“We chose the Philippines because our two other options, the US and Australia, are too far for our parents,” Eun Bin explains. “So several months of packing was rounded by just a four-hour flight.” 

While the siblings initially moved to the Philippines with both parents in 2012, their father had to return home to run the family business, which ostensibly funded the family’s life abroad. The siblings say many gireogi appa like their own literally go the extra mile, seasonally migrating to be with family abroad. 

The word gireogi has also been applied to households with that setup. In 2010, the number of gireogi households in South Korea was estimated to be at half a million. 

“Our parents wanted us to be fluent in English, which is always a competitive advantage for Korean students returning home,” Seo Jun explains. “In the end, our parents decided to send us to the US for college because Korean college competition is harder than ever.” 

Products of both local private and international schools in the Philippines, the siblings now attend separate universities in the US— the University of California San Diego and the University of Illinois-Urbana Champaign.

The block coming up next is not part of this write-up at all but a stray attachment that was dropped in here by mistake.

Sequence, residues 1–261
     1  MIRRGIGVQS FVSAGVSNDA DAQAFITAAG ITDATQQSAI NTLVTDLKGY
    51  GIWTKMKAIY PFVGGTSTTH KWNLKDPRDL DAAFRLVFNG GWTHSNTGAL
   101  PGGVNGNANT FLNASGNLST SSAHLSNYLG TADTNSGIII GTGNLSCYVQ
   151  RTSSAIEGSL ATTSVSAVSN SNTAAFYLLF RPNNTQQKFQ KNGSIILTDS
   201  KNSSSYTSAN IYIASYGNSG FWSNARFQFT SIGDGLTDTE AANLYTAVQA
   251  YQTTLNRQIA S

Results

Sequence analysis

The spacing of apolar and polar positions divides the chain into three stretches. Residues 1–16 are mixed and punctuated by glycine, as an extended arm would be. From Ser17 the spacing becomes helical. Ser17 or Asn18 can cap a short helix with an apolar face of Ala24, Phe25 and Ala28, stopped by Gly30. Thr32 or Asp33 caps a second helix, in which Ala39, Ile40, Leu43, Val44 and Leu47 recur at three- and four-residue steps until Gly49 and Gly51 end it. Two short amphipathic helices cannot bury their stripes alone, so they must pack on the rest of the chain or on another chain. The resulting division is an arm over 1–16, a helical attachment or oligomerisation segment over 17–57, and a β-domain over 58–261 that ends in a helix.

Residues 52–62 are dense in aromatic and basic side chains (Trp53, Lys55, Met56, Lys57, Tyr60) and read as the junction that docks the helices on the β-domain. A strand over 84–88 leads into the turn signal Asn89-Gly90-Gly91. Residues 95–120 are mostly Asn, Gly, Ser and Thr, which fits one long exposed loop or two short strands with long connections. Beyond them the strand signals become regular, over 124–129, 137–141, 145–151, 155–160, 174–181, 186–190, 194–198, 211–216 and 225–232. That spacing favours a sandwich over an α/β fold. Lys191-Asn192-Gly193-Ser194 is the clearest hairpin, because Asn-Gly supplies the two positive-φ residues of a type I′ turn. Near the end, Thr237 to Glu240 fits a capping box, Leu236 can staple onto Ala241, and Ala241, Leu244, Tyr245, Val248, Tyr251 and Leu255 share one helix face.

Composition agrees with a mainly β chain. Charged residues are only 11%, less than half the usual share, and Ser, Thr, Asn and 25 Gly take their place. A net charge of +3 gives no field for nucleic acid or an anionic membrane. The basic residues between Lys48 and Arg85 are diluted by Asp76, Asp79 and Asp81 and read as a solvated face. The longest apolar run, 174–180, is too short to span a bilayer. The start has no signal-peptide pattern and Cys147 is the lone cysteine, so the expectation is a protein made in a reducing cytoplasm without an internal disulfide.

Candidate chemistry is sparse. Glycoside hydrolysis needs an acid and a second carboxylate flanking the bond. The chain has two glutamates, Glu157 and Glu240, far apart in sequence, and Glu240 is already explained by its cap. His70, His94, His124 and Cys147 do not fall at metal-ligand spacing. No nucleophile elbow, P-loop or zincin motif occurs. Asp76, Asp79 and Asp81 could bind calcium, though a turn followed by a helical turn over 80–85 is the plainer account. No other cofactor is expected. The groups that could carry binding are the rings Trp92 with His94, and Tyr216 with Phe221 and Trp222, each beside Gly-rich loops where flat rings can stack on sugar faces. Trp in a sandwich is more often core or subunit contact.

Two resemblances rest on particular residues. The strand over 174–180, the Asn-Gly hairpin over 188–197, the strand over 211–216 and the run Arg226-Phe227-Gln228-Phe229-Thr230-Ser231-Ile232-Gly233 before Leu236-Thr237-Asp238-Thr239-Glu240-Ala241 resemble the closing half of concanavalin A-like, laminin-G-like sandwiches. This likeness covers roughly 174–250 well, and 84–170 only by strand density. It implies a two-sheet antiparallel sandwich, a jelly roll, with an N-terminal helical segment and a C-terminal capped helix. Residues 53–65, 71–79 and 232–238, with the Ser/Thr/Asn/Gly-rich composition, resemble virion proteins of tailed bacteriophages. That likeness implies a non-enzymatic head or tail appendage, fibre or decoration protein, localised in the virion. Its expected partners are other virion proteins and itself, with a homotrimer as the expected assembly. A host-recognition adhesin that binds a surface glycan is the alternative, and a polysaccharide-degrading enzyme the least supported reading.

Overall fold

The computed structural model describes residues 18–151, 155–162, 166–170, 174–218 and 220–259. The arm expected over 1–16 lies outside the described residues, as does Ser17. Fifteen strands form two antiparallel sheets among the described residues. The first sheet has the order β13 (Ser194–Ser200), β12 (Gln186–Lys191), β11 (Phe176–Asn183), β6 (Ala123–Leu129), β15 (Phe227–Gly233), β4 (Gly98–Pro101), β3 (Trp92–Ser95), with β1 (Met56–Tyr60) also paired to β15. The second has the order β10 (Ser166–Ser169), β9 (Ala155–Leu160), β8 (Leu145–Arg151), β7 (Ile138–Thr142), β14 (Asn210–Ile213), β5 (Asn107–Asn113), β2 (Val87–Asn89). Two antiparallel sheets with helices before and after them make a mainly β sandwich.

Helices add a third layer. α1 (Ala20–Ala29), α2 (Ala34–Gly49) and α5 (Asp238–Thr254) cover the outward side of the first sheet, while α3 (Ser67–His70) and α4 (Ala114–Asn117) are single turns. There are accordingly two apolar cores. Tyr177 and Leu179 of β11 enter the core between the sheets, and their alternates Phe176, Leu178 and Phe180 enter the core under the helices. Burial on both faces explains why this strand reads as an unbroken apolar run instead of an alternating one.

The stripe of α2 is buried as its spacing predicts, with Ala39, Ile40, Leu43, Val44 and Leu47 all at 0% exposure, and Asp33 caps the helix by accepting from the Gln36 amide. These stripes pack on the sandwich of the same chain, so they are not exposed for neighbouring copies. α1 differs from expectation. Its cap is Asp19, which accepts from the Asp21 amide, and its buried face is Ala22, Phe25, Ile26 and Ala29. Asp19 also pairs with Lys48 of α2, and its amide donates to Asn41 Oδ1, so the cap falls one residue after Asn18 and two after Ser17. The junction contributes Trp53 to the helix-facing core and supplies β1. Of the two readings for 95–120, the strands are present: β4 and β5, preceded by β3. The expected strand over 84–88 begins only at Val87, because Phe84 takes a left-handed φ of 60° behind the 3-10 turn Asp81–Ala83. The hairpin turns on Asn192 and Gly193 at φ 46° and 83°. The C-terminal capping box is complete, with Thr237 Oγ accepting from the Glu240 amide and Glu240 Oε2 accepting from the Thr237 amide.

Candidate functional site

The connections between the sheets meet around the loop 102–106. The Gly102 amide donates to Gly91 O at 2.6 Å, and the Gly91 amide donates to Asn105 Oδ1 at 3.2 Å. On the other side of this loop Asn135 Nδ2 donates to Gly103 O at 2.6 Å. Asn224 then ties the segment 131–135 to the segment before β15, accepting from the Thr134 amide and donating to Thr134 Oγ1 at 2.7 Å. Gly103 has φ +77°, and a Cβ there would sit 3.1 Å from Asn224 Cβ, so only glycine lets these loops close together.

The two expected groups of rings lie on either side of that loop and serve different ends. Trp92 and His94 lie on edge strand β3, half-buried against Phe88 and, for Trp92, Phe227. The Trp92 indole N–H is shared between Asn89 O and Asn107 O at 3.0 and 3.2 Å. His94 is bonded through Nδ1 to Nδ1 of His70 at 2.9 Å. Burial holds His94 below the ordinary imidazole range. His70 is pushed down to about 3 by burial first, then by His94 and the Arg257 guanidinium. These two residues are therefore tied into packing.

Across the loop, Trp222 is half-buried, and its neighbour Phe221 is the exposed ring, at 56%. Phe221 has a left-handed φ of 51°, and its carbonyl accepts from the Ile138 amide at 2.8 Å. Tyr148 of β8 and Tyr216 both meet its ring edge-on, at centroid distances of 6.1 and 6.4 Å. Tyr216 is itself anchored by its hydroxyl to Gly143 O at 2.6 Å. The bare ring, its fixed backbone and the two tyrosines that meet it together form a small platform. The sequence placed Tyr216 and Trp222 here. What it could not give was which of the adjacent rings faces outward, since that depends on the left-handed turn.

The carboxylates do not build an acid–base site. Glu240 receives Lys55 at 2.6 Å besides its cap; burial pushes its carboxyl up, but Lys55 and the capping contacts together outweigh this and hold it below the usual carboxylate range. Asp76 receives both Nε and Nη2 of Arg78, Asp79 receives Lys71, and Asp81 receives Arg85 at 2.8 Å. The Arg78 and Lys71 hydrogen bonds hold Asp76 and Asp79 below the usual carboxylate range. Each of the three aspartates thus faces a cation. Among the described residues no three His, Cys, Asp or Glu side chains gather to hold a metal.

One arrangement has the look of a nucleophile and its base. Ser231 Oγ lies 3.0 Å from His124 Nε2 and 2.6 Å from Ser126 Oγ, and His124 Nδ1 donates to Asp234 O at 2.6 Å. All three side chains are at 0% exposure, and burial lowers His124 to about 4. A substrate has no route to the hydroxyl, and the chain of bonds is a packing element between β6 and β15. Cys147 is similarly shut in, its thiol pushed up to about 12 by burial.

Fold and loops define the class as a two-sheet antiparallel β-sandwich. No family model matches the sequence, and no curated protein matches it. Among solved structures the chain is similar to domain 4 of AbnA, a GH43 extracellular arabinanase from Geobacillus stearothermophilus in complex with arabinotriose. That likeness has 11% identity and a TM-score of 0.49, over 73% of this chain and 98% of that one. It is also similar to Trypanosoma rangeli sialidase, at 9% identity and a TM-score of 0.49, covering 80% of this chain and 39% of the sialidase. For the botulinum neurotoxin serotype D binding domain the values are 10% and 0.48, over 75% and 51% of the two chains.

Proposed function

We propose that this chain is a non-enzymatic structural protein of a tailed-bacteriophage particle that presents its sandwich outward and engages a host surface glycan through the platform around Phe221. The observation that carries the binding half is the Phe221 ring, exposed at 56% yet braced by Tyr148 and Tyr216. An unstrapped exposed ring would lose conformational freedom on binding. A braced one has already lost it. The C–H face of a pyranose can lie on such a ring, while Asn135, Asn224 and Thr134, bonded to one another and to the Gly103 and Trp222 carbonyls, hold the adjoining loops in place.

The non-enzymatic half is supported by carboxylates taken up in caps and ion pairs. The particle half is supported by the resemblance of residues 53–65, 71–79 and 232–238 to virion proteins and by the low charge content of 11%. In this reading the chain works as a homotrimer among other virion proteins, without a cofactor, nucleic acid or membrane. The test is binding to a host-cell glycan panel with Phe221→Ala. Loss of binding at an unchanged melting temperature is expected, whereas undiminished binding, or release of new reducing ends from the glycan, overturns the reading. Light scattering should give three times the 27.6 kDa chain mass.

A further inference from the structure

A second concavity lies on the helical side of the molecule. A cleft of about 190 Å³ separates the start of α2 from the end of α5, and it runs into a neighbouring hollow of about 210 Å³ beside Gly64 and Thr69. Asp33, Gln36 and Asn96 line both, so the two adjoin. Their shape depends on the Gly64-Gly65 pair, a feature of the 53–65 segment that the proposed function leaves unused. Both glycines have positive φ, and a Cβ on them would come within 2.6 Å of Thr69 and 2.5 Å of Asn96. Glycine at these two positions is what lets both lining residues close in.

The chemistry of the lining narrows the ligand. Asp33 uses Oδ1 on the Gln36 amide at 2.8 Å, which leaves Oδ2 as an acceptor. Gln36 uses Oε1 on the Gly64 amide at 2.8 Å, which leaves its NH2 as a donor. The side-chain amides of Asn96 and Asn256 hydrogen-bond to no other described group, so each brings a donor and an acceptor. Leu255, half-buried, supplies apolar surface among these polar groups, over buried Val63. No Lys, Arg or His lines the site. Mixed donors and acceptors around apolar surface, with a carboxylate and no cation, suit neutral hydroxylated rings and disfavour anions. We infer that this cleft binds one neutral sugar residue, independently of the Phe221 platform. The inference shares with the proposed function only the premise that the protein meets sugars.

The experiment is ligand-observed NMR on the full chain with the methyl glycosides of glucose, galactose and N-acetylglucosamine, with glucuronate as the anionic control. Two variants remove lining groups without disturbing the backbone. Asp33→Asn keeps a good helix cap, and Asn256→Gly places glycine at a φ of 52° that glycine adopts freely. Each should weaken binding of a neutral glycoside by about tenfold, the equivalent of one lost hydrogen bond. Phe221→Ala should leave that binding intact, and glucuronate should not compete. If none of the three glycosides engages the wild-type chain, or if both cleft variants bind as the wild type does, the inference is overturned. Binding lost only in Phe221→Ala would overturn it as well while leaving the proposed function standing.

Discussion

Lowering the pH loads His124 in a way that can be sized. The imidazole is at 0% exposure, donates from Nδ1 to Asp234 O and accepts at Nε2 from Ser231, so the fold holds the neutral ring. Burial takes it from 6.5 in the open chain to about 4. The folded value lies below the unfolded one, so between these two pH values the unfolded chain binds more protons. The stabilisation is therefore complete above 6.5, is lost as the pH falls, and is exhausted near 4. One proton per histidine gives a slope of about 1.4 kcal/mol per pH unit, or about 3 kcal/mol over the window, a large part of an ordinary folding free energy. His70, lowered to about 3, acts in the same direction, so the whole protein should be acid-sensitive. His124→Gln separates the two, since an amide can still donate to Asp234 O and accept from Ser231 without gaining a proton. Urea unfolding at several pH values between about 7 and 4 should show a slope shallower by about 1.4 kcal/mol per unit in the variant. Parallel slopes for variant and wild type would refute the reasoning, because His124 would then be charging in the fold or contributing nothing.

“I think our life and education in the Philippines have prepared us for the independence we enjoy right now,” Eun Bin shares. “But our life back in Korea– our parents– is what keeps us grounded and directed.” 

They continue to come

Over two decades later, a steady wave of South Koreans continue to roll in, many choosing to reside in Metro Manila as well as the metros of Cebu, Pampanga, and Baguio. 

In a data snapshot published by the University of the Philippines Centre International de Formation des Autorités et Leaders (UP CIFAL) in 2018, there were over 93,000 Korean migrants residing in the Philippines only the year prior, over 10 percent of whom were students. 

While transient, these students thrive in the English-based education private Philippine schools provide, no doubt shoring up an important segment of the country’s educational system unaware of its own tidal force.